Discussions with Retirement Income Industry Association board members, such as Tom Johnson from MassMutual, often start with this question: What are the core discussions that should take place in the industry? As the industry’s focus shifts from hopeful accumulation to protected income, core discussions seem to take place at several levels including:
What are the new building blocks (e.g., longevity alpha) and who are the new component suppliers?
What are the winning retirement products/processes and who is providing them?
What are the key retirement distribution channels and who are the emerging leaders?
Where is the state of economic science for retirement and who is delivering the education?
What are the new standards and benchmarks and who is validating them?
Given its “view across the silos” foundation and continued development, RIIA has members and standing committees that can and that do address these questions. RIIA is indeed a special place where one can have these discussions.
For the purpose of this article, let’s focus on the education discussions. In his 2005 book, Why Most Things Fail: Evolution, Extinction and Economics, Paul Ormerod presents an important observation for those of us who think about retirement plans: “From simple games to more complicated ones like chess to the real-life world of decision making in business and politics, no matter how carefully researched and planned, the future consequences of decisions made today are frequently surprising. To have the intention of securing a particular outcome is usually no guarantee at all that it will be achieved. Intent is not the same as outcome.”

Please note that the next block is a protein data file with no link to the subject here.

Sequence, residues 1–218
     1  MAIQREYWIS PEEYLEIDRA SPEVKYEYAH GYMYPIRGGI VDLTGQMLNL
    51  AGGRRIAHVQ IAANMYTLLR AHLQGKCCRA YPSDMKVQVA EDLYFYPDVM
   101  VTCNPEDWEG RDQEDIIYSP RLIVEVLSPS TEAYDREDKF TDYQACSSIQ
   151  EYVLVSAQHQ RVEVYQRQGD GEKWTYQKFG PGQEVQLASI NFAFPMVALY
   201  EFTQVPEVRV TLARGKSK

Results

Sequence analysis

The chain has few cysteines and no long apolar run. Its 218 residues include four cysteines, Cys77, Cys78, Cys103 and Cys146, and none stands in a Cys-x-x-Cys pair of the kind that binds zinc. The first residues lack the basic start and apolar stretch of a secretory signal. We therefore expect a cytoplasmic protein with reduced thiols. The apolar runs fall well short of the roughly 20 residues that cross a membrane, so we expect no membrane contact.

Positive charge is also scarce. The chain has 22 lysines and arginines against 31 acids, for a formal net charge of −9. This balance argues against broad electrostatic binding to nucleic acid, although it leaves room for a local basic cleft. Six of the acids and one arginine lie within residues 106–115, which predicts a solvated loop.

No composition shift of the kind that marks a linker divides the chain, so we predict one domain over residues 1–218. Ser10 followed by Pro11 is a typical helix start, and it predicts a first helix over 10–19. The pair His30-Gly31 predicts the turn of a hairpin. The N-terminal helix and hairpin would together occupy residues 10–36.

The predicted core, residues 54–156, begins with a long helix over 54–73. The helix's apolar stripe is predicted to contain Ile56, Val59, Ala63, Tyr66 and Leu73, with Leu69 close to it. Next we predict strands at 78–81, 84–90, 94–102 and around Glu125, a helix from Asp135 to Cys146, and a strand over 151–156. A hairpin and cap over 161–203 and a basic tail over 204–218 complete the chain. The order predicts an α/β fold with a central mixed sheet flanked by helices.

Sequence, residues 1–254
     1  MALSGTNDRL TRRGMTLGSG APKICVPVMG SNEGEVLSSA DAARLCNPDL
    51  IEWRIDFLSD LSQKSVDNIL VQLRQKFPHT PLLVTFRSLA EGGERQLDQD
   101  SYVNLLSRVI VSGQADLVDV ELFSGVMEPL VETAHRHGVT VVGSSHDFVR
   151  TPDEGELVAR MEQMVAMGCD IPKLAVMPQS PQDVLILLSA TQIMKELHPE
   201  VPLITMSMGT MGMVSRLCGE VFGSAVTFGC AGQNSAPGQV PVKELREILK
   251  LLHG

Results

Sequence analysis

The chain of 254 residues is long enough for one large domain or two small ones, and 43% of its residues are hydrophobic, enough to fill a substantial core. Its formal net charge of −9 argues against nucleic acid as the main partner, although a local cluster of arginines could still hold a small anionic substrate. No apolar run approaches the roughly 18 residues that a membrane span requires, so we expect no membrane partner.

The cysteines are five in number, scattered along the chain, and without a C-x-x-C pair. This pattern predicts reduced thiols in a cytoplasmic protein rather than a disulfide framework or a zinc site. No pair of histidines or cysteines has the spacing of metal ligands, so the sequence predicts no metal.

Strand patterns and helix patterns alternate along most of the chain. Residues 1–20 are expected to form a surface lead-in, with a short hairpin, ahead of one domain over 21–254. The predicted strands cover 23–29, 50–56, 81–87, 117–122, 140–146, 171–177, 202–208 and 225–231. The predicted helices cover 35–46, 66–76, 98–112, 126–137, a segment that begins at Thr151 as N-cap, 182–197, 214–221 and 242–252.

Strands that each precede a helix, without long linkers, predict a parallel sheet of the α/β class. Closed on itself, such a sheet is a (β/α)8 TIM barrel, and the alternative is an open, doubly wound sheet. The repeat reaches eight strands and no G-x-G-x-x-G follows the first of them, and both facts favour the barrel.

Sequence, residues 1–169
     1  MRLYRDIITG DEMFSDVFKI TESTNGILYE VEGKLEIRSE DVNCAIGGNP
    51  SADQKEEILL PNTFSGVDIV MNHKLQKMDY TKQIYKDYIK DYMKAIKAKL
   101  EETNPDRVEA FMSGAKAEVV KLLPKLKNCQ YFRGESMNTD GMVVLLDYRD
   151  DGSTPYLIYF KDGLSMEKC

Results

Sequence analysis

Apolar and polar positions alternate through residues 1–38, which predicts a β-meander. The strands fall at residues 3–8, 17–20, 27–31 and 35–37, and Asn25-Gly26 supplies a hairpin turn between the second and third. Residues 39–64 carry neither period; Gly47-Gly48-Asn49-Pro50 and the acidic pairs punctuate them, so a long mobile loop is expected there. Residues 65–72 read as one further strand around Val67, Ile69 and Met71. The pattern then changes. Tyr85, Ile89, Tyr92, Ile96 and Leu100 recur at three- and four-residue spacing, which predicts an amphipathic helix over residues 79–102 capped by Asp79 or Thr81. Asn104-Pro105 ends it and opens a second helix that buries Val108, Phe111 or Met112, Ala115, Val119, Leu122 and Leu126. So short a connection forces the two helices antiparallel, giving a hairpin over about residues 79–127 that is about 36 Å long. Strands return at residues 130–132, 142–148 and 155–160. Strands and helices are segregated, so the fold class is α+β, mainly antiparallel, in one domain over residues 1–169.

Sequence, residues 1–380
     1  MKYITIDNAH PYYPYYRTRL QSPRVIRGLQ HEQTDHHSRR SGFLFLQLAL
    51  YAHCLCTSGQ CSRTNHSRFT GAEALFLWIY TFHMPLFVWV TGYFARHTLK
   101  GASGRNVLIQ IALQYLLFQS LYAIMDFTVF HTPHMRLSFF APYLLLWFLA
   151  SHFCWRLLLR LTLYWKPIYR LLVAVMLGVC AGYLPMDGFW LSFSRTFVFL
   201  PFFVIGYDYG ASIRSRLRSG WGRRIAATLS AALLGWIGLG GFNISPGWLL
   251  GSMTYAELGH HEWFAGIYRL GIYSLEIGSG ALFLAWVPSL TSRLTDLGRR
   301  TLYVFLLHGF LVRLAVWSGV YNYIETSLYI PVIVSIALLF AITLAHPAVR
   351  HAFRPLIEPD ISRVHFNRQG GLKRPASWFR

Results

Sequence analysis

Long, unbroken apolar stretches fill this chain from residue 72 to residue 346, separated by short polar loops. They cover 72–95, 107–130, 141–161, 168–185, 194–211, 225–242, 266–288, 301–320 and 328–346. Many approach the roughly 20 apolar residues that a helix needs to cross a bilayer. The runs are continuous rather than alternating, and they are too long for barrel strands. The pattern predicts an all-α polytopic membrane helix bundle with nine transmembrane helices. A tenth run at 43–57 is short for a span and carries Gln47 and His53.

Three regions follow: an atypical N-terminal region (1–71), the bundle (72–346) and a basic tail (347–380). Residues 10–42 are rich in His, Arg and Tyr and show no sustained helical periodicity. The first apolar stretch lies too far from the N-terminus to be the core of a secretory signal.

Jeffery Kluger in his 2008 book Simplexity explains why this is so by showing that we are easily confused by the actions of other people as they respond to our own actions. It is one thing to plan and act in today’s world as we may best understand it. It is another to plan for tomorrow’s world where other people plan and react to what we did yesterday. Our own careful actions create reactions that can invalidate our earlier planning. For instance, can you think about what happens to a great investment opportunity when “everybody” gets it and piles into it at the same time? When does it cease to be a great investment opportunity? How and when can you tell?
What should a prudent planner do when plans seem so fundamentally and structurally fragile because of the reactions of others to our own actions? Interestingly and from this perspective, there may be a silver lining as investors change their focus from pre-retirement accumulation to retirement income generation. Much of pre-retirement investment planning focuses on managing total return/risk exposure.
In contrast, retirement income planning should first focus on creating a floor under the investor’s income risk. Planning for retirement is about creating outcomes rather than hopeful expectations. This very change in focus from expecting returns to creating outcomes may help us deal with the structural fragility of planning. Important dimensions of financial plans may become less brittle with the increasing use of targets, floors and guarantees.
Planning for accumulation focuses on the investor’s exposure to risk modified by processes designed to allocate financial capital among risky assets classes that reflect individual investors’ risk tolerance. This is what a friend amusingly calls “un-standard deviation” from the benchmark allocation. Income generation, if applicable, is typically handled as a fine-tuning of the process. The investor retains the risks. The planner works on a best-efforts basis.
Renowned Ratio This approach is famously summarized as 60/30/10. Average investors with a sufficiently long time horizon should allocate their financial assets 60 percent in stocks, 30 percent in bonds and 10 percent in cash. Consensus and experience-driven individual adjustments based on a variety of dimensions (such as time horizon, liquidity requirements, unique circumstances, etc.) help advisors increase or decrease allocations from the riskier to the less risky assets. The process, its extensions and its limitations are well documented by academics as well as by the industry and its regulators.